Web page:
Italy has nationalized Monte dei Paschi di Siena, a major bank that otherwise would have gone into bankruptcy. In the process, the bank’s €26.8 billion ($32.5 billion) “nonperforming loans” will be “disposed of,” and the Italian government taxpayers will feed the bank €5.4 billion and get a 70% stake in the failing bank.
Under the bad loan disposal plan, €26.1 billion will be bundled and sold at 21% of gross book value, the vast majority to the government-organized Atlante II fund, while the bank retains 5%.
This is the third time Monte dei Paschi had gotten capital injections, and for some reason, the men of the Italian government thinks this third time will be the charm. Of course, that’s an easy choice for them to make; it’s not their money being used in this risk. It’s the Italian taxpayers’ money being cavalierly gambled.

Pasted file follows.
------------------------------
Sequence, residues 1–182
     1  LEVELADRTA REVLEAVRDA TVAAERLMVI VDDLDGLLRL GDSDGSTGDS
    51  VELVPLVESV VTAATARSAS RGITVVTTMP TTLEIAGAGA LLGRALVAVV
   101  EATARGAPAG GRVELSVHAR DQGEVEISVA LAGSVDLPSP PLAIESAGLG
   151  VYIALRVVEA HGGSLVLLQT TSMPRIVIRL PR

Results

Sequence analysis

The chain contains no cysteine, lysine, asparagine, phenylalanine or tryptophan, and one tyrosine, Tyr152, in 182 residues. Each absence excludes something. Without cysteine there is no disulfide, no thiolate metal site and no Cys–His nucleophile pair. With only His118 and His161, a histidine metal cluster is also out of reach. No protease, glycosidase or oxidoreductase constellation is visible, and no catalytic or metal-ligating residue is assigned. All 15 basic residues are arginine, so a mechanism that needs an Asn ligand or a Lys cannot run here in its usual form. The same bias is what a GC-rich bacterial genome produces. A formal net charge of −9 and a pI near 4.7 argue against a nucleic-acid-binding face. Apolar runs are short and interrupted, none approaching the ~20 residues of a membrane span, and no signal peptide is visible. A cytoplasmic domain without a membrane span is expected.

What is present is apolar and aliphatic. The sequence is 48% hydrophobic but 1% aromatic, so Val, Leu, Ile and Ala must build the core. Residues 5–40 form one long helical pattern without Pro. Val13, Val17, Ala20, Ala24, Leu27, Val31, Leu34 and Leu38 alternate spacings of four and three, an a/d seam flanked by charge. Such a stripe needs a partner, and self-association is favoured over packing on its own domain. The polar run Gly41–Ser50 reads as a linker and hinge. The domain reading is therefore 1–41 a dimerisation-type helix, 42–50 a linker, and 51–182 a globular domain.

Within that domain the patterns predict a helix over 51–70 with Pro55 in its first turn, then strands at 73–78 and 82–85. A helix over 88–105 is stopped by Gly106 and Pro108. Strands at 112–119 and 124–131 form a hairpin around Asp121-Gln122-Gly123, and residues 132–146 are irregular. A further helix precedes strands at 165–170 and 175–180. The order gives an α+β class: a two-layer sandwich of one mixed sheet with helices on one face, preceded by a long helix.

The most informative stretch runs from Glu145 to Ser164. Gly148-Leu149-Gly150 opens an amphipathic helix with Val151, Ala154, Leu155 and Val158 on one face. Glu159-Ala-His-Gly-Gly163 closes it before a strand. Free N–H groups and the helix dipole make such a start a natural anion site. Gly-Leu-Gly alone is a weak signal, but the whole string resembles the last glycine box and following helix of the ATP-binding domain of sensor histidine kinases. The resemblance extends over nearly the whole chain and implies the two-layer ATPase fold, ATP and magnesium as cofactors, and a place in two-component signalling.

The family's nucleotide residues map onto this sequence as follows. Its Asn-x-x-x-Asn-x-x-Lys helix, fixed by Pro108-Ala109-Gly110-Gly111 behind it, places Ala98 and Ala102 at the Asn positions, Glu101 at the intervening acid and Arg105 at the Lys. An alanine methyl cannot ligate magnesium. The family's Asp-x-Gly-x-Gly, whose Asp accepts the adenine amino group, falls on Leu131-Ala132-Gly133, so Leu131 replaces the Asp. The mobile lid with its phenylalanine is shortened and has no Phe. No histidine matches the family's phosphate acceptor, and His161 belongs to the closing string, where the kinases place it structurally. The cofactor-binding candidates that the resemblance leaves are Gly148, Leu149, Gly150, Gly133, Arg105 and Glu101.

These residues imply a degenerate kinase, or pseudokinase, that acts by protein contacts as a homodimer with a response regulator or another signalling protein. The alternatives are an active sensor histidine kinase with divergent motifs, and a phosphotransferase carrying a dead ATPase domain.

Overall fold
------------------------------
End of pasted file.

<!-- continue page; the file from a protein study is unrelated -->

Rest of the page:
No, instead the bank’s creditors and other investors should be the only ones on the hook; they’re the ones whose money is at stake, and they’re the ones whose management oversight was…absent.